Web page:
Itchy Skin Pregnancy 3Rd Trimester

Although this condition is safe, I am aware from personal experience that it can be inconvenient. You won’t have to endure PUPPPs after giving birth, so don’t feel like you have to. We can provide you with a steroid cream to help with the itching and stop it from getting worse. This cream is safe for you and your baby.

These two benign conditions are brought on by an increase in pigmentation brought on by an increase in pregnancy hormones. Dark splotches on your face, frequently on the nose and cheeks, are a symptom of melasma, also referred to as the “mask of pregnancy.” When you’re pregnant, a dark line called a linea nigra may appear between your belly button and your pubic region. If you experience either of these, you’re not alone. Ninety percent of expectant mothers will see linea nigra, and nearly seventy five percent will exhibit the mask of pregnancy. Any area of your body with more pigmentation could be impacted by this increase in pigmentation. For instance, many women claim to have areolas or freckles that are much darker than usual. And the more likely you are to notice these changes the darker your skin tone is. Although you can’t completely prevent these conditions, using a good sunscreen can help lessen their effects, especially on your face. You won’t have to put up with these changes indefinitely, so don’t worry. Most should fade after you give birth. After pregnancy, a dermatologist can use medication to treat melasma if it sometimes persists.

You’re well into pregnancy, so where’s that “pregnancy glow” you’ve heard about? You might resemble a teenage girl with acne-prone skin instead of having bright, radiant-looking skin. Maybe dark splotches have popped up on your face. Or perhaps the rash that has developed around your belly’s stretch marks is making you itch.

Try washing your face in the morning and evening with a commercial face soap. The majority of over-the-counter topical medications are safe to use while pregnant, but if you have any questions about a specific medication, consult your doctor. While pregnant, there are a few topical prescription drugs we can try, but your acne should clear up once your baby is born.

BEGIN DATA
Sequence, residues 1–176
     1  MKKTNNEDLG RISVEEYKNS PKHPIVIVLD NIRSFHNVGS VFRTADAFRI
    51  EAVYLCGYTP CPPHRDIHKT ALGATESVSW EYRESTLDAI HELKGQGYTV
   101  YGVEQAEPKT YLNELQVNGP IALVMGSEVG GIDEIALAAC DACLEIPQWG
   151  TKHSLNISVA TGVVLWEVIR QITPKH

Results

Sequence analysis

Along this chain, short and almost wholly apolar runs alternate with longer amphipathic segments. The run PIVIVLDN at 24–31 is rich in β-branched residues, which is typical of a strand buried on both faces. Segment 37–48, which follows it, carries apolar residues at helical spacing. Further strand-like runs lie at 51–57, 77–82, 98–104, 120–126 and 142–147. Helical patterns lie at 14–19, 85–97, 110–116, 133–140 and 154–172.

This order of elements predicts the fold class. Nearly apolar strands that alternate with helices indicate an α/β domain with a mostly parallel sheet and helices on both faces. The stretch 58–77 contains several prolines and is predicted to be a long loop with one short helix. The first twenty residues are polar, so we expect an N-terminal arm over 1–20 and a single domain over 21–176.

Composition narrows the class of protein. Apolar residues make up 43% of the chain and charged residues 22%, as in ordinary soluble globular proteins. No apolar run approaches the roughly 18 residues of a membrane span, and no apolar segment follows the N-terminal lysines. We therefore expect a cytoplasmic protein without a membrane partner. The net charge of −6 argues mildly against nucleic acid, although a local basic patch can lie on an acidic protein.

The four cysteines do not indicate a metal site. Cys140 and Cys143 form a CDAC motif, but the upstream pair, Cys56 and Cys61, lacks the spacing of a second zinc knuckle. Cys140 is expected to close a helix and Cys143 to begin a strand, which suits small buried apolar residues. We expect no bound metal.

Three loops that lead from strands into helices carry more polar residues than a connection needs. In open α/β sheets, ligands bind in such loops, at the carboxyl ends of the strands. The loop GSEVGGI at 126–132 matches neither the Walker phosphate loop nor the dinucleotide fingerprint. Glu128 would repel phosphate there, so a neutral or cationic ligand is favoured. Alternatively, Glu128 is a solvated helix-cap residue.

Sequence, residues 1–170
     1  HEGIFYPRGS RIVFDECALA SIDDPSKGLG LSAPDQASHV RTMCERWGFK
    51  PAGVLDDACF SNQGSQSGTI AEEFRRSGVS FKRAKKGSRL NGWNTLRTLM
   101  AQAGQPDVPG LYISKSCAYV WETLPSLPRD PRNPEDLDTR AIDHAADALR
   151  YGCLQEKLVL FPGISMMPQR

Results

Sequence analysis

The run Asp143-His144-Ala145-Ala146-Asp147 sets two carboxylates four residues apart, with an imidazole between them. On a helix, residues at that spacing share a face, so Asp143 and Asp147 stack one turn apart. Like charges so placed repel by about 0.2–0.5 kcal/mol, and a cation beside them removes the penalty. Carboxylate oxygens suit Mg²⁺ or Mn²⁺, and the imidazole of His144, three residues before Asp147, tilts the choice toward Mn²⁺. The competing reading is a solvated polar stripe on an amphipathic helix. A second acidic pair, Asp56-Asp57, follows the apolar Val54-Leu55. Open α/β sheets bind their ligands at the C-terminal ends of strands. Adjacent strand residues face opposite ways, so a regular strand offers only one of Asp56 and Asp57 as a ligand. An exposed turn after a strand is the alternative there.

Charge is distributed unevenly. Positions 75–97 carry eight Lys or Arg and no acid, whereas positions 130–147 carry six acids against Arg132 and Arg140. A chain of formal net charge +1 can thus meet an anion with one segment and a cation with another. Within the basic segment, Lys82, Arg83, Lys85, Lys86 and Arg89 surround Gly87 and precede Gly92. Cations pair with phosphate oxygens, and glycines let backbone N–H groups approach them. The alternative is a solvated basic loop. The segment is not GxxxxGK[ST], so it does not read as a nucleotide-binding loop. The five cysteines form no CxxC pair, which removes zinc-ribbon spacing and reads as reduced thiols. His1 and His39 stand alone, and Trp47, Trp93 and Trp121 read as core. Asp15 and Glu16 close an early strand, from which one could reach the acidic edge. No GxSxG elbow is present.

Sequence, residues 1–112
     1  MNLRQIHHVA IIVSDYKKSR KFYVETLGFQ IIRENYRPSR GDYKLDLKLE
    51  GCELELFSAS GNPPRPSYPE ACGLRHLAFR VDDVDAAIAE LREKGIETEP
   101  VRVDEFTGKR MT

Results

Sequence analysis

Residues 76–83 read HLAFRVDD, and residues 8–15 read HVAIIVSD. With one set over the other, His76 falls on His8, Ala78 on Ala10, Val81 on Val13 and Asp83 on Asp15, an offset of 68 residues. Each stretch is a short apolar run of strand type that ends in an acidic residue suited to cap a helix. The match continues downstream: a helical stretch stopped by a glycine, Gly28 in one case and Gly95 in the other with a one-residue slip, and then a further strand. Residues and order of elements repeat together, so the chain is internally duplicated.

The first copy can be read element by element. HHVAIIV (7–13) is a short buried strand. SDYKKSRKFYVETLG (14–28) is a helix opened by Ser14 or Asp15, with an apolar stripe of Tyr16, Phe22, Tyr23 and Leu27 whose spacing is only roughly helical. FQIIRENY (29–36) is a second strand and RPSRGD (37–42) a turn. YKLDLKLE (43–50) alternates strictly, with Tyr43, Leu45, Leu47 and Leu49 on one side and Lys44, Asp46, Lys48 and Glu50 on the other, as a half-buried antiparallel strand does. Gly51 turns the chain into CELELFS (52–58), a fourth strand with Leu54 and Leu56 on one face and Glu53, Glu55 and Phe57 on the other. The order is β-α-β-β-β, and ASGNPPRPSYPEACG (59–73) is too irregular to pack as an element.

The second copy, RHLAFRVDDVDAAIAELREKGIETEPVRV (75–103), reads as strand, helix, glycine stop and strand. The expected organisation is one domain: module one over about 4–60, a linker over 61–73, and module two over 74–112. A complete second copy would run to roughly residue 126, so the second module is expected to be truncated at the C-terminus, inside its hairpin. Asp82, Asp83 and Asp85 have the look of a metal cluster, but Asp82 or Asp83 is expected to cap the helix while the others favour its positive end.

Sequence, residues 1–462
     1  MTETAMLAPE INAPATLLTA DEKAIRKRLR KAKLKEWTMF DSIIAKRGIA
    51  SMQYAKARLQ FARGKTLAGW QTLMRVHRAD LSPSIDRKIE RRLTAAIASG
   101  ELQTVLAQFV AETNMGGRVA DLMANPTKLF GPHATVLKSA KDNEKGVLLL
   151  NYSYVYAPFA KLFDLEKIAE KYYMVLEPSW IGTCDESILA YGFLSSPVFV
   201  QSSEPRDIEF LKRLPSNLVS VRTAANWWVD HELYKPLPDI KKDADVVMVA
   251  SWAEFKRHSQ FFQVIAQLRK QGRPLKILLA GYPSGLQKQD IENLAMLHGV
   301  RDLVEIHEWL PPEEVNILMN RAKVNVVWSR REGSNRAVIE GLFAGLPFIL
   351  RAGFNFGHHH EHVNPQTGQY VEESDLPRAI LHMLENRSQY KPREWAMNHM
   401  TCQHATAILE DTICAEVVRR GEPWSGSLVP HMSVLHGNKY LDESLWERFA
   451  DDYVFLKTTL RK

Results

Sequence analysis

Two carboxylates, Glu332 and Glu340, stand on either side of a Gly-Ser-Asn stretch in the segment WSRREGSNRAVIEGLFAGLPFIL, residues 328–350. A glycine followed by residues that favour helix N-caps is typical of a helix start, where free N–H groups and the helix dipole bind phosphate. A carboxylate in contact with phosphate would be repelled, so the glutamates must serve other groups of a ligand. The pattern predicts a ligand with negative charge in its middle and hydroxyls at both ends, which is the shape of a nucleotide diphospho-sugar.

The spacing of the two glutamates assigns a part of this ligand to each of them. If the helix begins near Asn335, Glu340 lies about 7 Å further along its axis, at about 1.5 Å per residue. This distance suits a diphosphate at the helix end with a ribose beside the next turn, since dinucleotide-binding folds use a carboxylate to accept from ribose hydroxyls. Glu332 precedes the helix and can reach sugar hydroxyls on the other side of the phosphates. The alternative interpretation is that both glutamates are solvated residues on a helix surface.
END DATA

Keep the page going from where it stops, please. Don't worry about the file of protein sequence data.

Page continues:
This condition strikes during the third trimester and can result in extremely intense body itching. Patients are miserable and unable to fall asleep as a result of it, which is frequently worse on the palms and soles of the feet. Jaundice, a yellow discoloration of the skin and eyes, can also accompany pregnancy-related cholestasis.

Itching in pregnancy can be a sign of something more serious

Itching can be a symptom of a liver condition called intrahepatic cholestasis of pregnancy (ICP), also known as obstetric cholestasis (OC). Obstetric cholestasis is often different to a normal itch as it affects the palms of your hands and soles of your feet.

Your wee may be dark and your poo may be light in color if you have obstetric cholestasis (RCOG, 2011). In the UK, 1 in 140 pregnant women have obstetric cholestasis, which requires medical attention (NHS Choices, 2016c).

Itching in pregnancy has a logical cause

That super-irritating itch is caused by your skin stretching. The skin around your abdomen stretches as your uterus expands, but the oil glands are unable to provide enough moisture as they normally would. Because of this, you’ll notice that your skin is dry and itchy, with a tendency to be worse on your legs and stomach (Kenyon et al., 2010; NHS Choices, 2016a).

The itch may also get worse as your hormones change (British Association of Dermatologists, 2018). Eczema can worsen during pregnancy if it does so frequently for you (Ambros-Rudolph, 2011; NHS Choices, 2016b).

Causes & management of itching in 2nd 3rd trimester of pregnancy- Dr. Teena S Thomas

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